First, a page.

Originally published August 23, 2013
Tony Soprano he isn’t. Alleged Red Mafia boss Semion Mogilevich is a new kind of mobster.
He doesn’t bloody his hands with street crimes or swagger around like some two-bit thug. He’s a world-class executive. He plans. He organizes. He delegates. He manages an a
rmy of Slavic criminals, many of them veterans of the Soviet War in Afghanistan, but his real strength is in a network of companies big and small, and his own financial brilliance. “The Brainy Don” uses not mere force, but business skills and economic insight to orchestrate his crimes, and with that he influences the fate of nations and the global economy.
It’s a calculated, distant brand of crime, almost too cerebral to be scary. But Slate says this big business man is “twice the villain Whitey Bulger ever was.” The Village Voice called him “the most dangerous mobster in the world.” CNN deemed him “more powerful than Gotti.” His ruthless business acumen has put the 67-year-old Ukrainian on the FBI’s 10 Most Wanted list—but Mogilevich is unlikely to ever face trial in the United States.
‘The Brainy Don”
Semion Mogilevich earned an economics degree at the Ivan Franko National University of Lviv in the Ukraine before embarking on an unorthodox entrepreneurial career path. He learned the basics of the underworld by working for the Moscow-area Liubertskaya crime organization. Then he took advantage of the 1980s Jewish exodus from the Soviet Union to Israel and the U.S., and was able to make it big on his own. He allegedly bilked dozens of emigrating Jewish families, agreeing to sell their assets on their behalf and to forward the bulk of the proceeds to them in their new homes—but detractors say he kept all the profits for himself.
That little trick seems to have helped finance Arbat International, the petroleum import-export company that Mogilevich founded with Vyacheslav Ivankov (“The Japanese”), the ex-wrestler and Russian mob boss whose biggest extortion attempt landed him in U.S. federal prison and who was assassinated by rival mobsters in Moscow in 2009. Mogilevich is also a cohort of another Brighton Beach Red Mafia leader, the alleged heroin kingpin Monya Elson. Mogilevich reportedly ferried Elson out of Brooklyn and helped set him up his business again in Italy after Elson was wounded in a Brooklyn gun battle.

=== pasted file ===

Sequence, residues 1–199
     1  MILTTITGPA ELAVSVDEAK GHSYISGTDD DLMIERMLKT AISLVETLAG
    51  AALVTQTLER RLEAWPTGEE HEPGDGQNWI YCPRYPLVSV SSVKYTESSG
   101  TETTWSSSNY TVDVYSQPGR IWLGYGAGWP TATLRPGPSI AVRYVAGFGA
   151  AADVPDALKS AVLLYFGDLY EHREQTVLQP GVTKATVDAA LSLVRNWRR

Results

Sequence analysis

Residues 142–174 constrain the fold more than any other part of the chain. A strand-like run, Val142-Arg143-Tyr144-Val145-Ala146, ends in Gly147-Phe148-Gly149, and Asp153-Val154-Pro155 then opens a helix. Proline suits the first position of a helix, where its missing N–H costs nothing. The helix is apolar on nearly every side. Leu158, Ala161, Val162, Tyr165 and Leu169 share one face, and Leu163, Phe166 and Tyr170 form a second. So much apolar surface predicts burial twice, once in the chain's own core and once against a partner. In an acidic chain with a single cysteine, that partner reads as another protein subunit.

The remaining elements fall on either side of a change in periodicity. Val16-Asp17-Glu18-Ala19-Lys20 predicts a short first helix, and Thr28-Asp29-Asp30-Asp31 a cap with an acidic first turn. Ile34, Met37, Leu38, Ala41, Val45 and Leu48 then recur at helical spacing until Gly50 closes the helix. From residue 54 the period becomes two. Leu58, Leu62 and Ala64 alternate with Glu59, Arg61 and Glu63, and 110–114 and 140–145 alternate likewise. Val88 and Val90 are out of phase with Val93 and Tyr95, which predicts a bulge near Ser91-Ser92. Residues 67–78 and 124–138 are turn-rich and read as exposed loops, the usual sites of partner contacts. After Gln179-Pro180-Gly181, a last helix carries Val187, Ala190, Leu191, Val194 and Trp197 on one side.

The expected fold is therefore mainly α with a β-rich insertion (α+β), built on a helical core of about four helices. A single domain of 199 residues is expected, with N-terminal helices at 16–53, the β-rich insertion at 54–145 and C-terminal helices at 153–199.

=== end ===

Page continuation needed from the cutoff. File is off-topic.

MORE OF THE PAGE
As his own operation internationalized, Mogilevich moved to Israel. Then he got Hungarian citizenship through his wife. With Budapest as his new base, he ran the Black and White chain of nightclubs—and, allegedly, their prostitution operations and related criminal endeavors—there and in Prague, Czechoslovakia; Kiev, Ukraine; and Riga, Latvia.
His nightlife profits helped him take a big and relatively legitimate step: He entered Hungary’s weapons industry. Mogilevich bought the heavy-duty magnet manufacturer Magnex and armaments manufacturers Army Co-op and Digep General Machine Works. Insiders claim that Mogilevich’s control of the majority of Hungary’s arms industry, coupled with his petroleum and natural gas connections, gives him the power to influence governments and finance in Eastern Europe and beyond, threatening not only the region’s security, but the global war on terror. He’s rumored to have sold as much as $20 million worth of former East German weapons to Iran.